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Nottinghamshire Gamekeeper sentenced for buzzard killings


A part-time gamekeeper has been fined and given a suspended sentence for trapping and killing birds of prey on the farm where he worked.

John Orrey (63), from Kneeton in Nottinghamshire, used a baited trap to capture two buzzards, supposedly as part of his role in protecting the farm’s game birds from pests. Instead of releasing the birds, which are protected by law, he beat them to death with agricultural tools. A member of the public noticed the trap (which had been baited with two dead stock doves - which are also protected by law) and reported his suspicions to the RSPB. RSPB investigators set up surveillance of the trap and captured footage of Orrey killing the buzzards. Searches of his property revealed breaches of Orrey’s firearms licence.

Orrey was charged with four wildlife offences and five firearms offences. He pleaded guilty to all nine offences at Nottingham Magistrates' Court on 24 December 2021 and on 28 January 2022 was given a 20-week prison sentence, suspended for a year, fined a total of £1000 and ordered to pay £180 compensation and £700 costs, including a £50 victim surcharge.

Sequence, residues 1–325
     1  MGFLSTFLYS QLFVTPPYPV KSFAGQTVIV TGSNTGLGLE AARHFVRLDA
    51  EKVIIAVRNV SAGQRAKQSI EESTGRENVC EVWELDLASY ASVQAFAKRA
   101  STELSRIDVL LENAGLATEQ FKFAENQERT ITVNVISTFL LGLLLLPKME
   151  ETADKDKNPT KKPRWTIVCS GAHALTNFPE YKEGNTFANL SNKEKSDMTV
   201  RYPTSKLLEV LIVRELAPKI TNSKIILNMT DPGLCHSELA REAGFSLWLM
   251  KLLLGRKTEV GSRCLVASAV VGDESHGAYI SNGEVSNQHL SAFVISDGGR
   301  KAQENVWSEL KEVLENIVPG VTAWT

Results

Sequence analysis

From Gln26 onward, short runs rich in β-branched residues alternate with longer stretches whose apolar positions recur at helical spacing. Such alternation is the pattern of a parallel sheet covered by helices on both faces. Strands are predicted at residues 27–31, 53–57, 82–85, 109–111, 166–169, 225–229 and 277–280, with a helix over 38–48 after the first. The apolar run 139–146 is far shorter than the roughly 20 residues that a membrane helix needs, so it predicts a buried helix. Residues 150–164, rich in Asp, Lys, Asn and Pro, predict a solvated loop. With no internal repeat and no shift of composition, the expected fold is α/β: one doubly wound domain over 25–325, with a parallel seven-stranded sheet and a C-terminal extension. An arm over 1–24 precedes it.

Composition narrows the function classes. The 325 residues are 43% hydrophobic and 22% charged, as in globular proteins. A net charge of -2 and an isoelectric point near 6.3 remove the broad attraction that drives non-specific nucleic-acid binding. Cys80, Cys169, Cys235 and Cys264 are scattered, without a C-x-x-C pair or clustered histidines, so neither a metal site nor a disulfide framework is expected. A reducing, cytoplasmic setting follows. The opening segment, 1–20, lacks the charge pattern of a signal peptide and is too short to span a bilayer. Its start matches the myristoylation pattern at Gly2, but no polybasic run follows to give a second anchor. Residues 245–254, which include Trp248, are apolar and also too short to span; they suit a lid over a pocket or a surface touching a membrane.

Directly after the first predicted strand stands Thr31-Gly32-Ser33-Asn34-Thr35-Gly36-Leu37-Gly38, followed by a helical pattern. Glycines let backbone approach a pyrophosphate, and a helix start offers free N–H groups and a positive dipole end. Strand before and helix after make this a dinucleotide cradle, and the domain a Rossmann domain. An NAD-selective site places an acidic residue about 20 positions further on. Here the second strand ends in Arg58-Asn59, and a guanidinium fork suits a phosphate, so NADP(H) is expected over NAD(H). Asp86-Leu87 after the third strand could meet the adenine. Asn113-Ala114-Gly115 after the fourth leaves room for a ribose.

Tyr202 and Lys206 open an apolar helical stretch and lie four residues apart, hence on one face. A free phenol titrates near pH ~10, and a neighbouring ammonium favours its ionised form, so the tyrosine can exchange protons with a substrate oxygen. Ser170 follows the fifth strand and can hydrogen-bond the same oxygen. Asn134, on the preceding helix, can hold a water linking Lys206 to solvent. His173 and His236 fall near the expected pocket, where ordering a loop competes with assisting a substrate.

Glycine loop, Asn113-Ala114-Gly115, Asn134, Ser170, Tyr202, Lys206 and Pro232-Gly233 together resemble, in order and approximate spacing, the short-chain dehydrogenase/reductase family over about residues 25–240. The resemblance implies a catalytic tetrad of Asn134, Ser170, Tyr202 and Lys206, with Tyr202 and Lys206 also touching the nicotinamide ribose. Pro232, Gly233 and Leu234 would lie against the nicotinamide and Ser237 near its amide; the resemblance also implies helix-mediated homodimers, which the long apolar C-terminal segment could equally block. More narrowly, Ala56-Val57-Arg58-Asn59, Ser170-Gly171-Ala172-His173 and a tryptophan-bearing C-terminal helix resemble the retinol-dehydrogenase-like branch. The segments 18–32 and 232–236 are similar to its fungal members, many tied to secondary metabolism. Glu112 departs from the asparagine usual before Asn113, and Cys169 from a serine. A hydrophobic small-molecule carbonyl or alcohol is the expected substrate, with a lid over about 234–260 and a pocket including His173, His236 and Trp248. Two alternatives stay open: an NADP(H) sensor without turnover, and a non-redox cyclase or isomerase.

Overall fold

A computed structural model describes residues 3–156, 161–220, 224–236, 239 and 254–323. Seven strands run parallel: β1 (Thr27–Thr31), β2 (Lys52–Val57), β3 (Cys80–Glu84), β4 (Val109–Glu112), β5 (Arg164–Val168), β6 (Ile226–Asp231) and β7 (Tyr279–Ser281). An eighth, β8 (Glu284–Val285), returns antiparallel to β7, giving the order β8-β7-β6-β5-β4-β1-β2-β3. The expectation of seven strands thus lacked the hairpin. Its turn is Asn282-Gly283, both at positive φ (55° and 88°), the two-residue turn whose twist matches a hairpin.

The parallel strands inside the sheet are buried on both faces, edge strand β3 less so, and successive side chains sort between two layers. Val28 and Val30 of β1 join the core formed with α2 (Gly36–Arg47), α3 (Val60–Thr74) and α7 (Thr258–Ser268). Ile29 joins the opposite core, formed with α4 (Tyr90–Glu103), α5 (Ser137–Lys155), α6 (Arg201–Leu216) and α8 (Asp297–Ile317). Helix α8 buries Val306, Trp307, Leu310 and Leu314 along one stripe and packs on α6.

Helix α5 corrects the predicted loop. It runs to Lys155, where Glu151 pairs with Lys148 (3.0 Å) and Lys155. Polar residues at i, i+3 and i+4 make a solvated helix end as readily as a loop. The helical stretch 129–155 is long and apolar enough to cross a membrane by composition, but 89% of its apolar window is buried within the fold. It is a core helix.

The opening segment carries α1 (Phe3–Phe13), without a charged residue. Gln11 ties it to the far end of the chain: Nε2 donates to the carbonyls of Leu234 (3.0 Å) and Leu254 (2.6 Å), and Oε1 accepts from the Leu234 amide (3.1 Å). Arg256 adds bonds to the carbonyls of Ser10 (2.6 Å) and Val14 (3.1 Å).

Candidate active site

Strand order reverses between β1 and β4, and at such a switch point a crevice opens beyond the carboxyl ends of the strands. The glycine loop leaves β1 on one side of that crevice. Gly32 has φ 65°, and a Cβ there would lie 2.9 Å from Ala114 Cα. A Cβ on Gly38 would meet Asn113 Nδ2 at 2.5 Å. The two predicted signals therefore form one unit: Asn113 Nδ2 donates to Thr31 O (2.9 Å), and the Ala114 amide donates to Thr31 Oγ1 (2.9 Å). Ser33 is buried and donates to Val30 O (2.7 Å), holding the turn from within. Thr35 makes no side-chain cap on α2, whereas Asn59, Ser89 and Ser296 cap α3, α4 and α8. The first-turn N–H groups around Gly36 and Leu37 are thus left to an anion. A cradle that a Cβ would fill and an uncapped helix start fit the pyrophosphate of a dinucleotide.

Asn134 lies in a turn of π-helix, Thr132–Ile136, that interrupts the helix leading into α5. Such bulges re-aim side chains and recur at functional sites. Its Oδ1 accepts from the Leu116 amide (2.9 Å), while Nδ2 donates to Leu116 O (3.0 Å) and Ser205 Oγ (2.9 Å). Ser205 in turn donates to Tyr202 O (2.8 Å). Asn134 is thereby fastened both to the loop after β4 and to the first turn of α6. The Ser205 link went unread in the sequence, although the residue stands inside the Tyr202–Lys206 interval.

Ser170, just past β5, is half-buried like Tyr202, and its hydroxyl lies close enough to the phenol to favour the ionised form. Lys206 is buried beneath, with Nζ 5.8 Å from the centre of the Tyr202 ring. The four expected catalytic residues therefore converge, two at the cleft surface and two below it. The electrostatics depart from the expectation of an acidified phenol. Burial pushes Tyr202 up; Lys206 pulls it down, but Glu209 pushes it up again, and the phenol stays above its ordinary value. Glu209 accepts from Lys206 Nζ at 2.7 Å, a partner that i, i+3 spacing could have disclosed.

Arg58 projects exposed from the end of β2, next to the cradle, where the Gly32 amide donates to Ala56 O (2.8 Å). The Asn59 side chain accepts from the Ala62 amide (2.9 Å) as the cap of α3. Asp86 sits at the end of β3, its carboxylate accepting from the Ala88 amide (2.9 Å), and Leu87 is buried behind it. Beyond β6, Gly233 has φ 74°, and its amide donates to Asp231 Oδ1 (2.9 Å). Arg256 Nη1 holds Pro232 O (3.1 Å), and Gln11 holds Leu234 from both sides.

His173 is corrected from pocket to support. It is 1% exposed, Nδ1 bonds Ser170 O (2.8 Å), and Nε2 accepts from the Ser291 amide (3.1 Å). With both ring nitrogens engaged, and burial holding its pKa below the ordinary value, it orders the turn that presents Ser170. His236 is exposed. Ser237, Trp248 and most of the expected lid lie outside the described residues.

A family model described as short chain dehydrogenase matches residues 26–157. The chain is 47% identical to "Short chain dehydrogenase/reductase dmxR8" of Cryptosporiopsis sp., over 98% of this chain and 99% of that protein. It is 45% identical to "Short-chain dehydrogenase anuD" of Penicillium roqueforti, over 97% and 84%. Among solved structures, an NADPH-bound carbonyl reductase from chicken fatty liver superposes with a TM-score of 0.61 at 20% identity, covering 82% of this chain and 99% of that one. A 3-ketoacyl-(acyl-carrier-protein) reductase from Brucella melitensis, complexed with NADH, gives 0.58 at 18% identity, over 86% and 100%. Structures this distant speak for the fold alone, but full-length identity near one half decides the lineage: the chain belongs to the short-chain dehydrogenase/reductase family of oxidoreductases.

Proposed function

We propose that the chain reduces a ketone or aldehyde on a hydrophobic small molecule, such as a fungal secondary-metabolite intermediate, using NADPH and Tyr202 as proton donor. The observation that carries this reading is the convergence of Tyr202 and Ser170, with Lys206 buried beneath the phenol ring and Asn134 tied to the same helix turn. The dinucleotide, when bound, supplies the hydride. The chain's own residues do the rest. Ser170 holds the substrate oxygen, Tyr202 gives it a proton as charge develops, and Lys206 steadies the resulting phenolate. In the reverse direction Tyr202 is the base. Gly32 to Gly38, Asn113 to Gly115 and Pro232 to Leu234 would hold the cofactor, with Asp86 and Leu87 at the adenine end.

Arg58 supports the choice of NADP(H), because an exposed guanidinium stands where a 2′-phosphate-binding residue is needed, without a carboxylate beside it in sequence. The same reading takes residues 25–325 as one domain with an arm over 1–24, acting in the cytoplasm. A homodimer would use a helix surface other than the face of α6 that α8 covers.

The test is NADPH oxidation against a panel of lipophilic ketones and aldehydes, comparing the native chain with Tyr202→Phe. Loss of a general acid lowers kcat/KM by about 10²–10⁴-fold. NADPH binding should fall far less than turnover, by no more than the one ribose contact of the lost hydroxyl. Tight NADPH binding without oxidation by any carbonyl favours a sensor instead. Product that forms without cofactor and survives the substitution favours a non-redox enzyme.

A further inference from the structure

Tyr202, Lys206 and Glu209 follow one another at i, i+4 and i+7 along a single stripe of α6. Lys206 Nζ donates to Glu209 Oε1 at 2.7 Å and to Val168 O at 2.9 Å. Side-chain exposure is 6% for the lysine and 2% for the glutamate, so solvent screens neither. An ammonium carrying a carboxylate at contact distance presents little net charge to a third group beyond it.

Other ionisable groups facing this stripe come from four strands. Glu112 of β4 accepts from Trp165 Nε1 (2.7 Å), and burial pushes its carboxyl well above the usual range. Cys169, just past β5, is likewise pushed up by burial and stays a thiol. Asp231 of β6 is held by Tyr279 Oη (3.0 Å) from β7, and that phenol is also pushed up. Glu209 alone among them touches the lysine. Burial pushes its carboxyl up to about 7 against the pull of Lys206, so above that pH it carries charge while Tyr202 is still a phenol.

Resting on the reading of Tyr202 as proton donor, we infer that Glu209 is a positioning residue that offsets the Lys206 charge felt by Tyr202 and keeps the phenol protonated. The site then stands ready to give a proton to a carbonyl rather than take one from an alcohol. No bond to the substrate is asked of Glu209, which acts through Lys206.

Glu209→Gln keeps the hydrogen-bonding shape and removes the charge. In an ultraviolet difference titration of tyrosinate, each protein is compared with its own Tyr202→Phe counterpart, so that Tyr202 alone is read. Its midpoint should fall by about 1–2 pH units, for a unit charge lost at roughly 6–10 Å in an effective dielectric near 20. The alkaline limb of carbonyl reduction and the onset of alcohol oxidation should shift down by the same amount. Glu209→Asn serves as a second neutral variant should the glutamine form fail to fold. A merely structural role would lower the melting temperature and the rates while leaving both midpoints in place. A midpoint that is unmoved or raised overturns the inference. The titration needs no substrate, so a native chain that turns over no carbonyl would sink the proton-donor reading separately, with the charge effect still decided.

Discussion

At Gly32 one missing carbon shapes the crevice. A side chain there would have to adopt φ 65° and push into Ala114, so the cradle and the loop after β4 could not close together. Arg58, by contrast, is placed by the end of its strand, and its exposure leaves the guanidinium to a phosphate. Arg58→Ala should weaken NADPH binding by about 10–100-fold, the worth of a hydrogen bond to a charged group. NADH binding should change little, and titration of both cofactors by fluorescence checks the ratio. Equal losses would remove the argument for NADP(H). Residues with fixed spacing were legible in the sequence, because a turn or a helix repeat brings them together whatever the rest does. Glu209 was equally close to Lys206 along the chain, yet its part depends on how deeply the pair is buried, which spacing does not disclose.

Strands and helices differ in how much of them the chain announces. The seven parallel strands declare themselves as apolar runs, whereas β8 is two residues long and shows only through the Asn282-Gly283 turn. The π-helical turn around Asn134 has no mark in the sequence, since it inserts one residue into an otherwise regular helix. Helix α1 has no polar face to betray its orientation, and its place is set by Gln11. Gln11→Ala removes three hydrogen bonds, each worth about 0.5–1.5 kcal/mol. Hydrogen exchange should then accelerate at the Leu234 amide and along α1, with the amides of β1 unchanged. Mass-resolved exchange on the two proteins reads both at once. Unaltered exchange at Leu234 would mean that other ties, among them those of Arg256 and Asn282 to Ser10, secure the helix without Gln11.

Emma Wakefield from the CPS said: “Wildlife legislation plays an important part in maintaining our environment. Birds of prey are known to have suffered persecution, which can lead to entire species becoming endangered. John Orrey’s actions showed complete disregard for the laws that protect our countryside, and he also used cruelty in the way he killed the birds.

“This prosecution began with a member of the public reporting their concerns and has ended with John Orrey facing the consequences of his actions. It is really important that anyone with concerns comes forward, so the appropriate action can be taken to enforce this legislation.”

John Orrey was sentenced for:

  • Using  trap to kill  or take a wild bird
  • Failing to comply with condition of shotgun certificate
  • Two charges of failing to comply with conditions of a firearm licence
  • Possessing ammunition for a firearm without a certificate
  • Possess an article capable of being used to commit a summary offence under section 1 to 13 or 15 to 17 Of the Wildlife & Countryside Act
  • Two charges of killing a Schedule 1 wild bird
  • Possessing live or dead Schedule 1 wild bird or parts, for possession of two dead stock doves, used as bait in the trap.

Notes to editors

  • Emma Wakefield is a Senior Crown Prosecutor from CPS East Midlands.

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